SEATTLE – It was the decision that seemed inevitable, but by all accounts really wasn’t.
Yet the choice of redshirt junior Jacob Eason to start the season as Washington’s quarterback, achieved in characteristically painstaking and stealth fashion by head coach Chris Petersen, is salve for those who yearn to see the Huskies climb to the next level of the college football hierarchy.
That isn’t to detract from Jake Haener, the hardworking junior who pushed Eason to the brink. And it’s certainly not to add to the criticism that has permanently attached itself to the outgoing quarterback, Jake Browning; all he did was win more games than any other Husky signal-caller in history, but it was never quite good enough for many, it seems.
What Browning didn’t do, of course, was beat Alabama in the Peach Bowl, or Penn State in the Fiesta Bowl, or Ohio State in the Rose Bowl. That shouldn’t fall on his shoulders; there were multiple factors that led to those defeats. But for all his acumen, all his production, all his achievements, Browning had limitations that became more glaring against those elite teams.
Eason, who was an all-world prospect out of Lake Stevens (Washington) High School when he committed to the University of Georgia, will provide the promise of next-level greatness.
The fact that Eason didn’t seize the job until less than two weeks before the Aug. 31 season opener against Eastern Washington is a bit alarming for a player as touted as he has been. But it’s also a tribute to the tenacity and talent of Haener, who according to the buzz coming out of camp was under legitimate consideration for the job all along.
Yet the 6-foot-6, 227-pound Eason, with a frame straight from the NFL prototype catalog, has the arm talent that makes coaches drool. He never got a chance to show it at Georgia, where after his promising freshman year, he suffered an injury that allowed freshman Jake Fromm to seize the job. Eason never got it back, but now he’s finally in a position to thrive.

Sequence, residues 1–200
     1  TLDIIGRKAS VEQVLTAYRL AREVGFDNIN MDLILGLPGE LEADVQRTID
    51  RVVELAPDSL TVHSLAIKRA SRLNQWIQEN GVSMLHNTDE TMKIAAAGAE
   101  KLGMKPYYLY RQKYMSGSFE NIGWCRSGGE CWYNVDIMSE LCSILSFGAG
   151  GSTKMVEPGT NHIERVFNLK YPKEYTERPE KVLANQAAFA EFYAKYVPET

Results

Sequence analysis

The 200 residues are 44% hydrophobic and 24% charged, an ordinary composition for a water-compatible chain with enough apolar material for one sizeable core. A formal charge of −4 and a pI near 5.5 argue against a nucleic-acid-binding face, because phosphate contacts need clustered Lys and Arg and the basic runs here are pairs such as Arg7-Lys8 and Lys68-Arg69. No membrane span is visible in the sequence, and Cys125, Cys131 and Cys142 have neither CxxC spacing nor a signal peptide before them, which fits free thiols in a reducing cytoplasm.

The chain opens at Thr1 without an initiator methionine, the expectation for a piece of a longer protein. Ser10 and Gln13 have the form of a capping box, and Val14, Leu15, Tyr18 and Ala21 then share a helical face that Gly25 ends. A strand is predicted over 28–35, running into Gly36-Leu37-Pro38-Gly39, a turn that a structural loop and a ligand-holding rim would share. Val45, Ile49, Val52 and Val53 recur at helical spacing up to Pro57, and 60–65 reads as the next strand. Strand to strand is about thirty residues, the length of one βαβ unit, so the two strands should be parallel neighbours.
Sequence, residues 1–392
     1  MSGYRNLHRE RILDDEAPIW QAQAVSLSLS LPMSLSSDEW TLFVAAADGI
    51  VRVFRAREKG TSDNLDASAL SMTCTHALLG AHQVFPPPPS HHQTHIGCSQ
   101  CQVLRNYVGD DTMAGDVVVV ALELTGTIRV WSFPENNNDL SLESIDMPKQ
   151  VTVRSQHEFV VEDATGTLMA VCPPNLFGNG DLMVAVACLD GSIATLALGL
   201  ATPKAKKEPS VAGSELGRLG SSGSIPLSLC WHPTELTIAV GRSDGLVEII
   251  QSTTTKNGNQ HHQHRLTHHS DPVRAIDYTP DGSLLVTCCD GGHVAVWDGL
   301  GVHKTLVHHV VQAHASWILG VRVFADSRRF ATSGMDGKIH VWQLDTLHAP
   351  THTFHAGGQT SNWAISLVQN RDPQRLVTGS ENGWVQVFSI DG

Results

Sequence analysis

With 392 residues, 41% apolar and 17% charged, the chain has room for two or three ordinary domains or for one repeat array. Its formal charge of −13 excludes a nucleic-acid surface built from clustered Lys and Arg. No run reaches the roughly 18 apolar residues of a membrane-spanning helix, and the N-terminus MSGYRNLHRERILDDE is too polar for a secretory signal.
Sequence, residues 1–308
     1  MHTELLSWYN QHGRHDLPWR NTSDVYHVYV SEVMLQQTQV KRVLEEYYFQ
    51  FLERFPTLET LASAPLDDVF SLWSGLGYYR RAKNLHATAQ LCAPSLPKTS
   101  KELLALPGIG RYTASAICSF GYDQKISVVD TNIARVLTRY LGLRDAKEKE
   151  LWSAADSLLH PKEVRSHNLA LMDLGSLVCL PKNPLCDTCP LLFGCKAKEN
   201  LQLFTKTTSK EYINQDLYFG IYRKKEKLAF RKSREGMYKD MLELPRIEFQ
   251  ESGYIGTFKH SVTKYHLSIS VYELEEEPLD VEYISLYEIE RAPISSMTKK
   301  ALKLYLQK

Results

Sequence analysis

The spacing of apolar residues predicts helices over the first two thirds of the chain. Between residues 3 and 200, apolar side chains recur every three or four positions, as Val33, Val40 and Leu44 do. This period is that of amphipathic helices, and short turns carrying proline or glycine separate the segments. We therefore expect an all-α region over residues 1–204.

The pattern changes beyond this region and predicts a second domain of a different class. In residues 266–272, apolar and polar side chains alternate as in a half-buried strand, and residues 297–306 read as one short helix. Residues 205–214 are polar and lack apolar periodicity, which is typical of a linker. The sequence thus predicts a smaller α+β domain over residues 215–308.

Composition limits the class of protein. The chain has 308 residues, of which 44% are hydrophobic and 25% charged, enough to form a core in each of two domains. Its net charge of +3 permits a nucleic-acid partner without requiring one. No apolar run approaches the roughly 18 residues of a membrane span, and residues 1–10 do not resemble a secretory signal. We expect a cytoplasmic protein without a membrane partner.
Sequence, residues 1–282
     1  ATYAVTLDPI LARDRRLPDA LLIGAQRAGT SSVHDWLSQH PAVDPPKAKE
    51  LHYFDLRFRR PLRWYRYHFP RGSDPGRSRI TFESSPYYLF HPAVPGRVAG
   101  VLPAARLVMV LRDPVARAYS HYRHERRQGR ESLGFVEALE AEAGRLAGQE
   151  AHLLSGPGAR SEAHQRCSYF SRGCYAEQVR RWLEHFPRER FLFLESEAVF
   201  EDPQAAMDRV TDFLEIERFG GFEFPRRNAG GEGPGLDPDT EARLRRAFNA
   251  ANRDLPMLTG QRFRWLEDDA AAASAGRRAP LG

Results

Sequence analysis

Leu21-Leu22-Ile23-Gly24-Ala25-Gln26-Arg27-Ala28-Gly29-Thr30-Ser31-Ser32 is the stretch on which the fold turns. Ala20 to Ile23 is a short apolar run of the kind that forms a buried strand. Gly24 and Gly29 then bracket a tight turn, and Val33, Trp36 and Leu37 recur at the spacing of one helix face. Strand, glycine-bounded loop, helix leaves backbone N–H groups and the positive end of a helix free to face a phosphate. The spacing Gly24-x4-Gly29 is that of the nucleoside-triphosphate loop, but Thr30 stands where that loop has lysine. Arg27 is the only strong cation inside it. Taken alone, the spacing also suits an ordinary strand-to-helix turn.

It’s no coincidence that Petersen has said a goal this year for the Huskies is to improve their downfield strikes. Eason has the skill set to do just that. He also has some rough edges that may make this a bumpy ride, but the Huskies’ ceiling with Eason at the helm is intriguing.
All across the college football landscape, quarterback battles are being resolved and revealed as the season openers rapidly approach.
Last week, first-year Miami coach Manny Diaz named redshirt freshman Jarren Williams as the somewhat surprising choice to start over a group of contenders that included Ohio State transfer Tate Martell. On Monday, Oklahoma coach Lincoln Riley tapped senior Alabama transfer Jalen Hurts as his man, having beaten out a couple of freshmen. On the same day, Ohio State coach Ryan Day announced that Georgia transfer Justin Fields had won the job over Gunner Hoak, a transfer from Kentucky.
It seems the logical thing to do, to bring clarity within the program, end the speculation outside the program and give the anointed QB the necessary first-team reps entering the season.
That hasn’t been Petersen’s way, however. Throughout his coaching tenure, the Husky head man has tended to let his periodic quarterback battles linger – at least publicly – until close to the bitter end.